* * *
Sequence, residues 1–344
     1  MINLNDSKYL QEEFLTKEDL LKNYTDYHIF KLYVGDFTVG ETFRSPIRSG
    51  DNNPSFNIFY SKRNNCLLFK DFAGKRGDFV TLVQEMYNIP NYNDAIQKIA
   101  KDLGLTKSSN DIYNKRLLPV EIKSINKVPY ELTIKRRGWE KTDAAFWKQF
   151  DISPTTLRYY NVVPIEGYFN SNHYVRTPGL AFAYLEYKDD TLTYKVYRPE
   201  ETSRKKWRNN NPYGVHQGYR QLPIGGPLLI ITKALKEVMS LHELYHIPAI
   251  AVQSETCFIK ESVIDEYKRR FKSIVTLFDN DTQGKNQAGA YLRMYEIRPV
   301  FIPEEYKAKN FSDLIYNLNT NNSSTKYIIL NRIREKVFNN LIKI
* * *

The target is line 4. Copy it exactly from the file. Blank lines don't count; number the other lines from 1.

   101  KDLGLTKSSN DIYNKRLLPV EIKSINKVPY ELTIKRRGWE KTDAAFWKQF